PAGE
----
The excitement revolving around bitcoin is causing some investors to miss another huge winner this year that – as the cherry on top – they can actually understand.
Bitcoin is hard to embrace, but impossible not to follow. It isn’t tangible, and it certainly is difficult to comprehend, yet all that is talked about is how it is up thousands of percent this year. So, it’s not suprosing that some missed an investment that’s performing even better: renewable energy. Its potential returns might not come so fast, but renewables are here to stay, which is more than what can be said about bitcoin.
It used to be that renewable-energy stocks heavily correlated with carbon-based energy stocks. If the price / barrel of oil rose, so did alternative energy stocks, as higher fossil-fuel prices would result in renewable sources being more competitively priced. And of course the same would apply for the reverse.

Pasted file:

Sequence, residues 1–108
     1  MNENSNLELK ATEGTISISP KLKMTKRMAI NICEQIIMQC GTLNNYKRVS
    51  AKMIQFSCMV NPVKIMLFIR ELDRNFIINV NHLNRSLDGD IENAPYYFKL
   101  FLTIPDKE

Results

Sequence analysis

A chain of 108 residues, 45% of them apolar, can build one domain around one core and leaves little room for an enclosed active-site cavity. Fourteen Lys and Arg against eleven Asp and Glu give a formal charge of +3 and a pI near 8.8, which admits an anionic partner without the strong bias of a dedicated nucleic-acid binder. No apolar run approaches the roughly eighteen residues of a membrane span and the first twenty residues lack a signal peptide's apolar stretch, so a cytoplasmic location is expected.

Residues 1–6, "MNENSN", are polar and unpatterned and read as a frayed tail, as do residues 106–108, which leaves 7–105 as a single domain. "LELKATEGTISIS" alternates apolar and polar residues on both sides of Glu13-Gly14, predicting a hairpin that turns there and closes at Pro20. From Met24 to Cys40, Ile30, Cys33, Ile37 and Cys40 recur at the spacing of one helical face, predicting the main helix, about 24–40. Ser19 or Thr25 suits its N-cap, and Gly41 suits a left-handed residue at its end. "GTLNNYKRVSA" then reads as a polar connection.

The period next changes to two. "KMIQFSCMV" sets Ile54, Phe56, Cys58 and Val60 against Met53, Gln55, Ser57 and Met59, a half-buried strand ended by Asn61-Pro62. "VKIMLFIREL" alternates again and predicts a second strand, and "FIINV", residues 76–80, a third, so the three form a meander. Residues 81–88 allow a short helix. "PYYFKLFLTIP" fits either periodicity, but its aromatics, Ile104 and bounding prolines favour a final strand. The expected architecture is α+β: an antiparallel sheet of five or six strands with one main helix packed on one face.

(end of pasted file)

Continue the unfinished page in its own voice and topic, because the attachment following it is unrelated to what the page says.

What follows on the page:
Throughout the United States, the percentage of renewable energy out of the total energy mix rose from 7,7% in 2001 to just below 15% by the end of 2016.
Renewables are accelerating in both use and investment. China is performing strong and pledged to invest 367 billion USD in renewable power generation – solar, wind, hydro and nuclear – by 2020 and more than 2.5 million people work in the solar power sector in China, compared with 260,000 people in the U.S., according to the most recent annual report from the International Renewable Energy Agency.
Furthermore, the declining cost of solar and other renewables tilt the scale in their favour. Resulting in the fact that, alternative energies aren’t so alternative anymore.
Of course, there simply isn’t a 100% proof investment out there. So it’s wise to remember these stock’s history of extreme volatility based on multiple factors such as competition from China, uncertainty over government subsidies in many nations; and a lot of attention from hedge-fund shorts.
For example: The biggest solar stock IPO’d at $27 a decade ago, went all the way to the dizzying heights of $300 when oil hit $147 a barrel in 2008, and then dropped to $11 as if it were about to go bankrupt when Chinese solar-panel makers glutted the industry in 2011–12. But its shares are up 90 percent this year, at $60. And that is a lot of volatility to go through over a decade.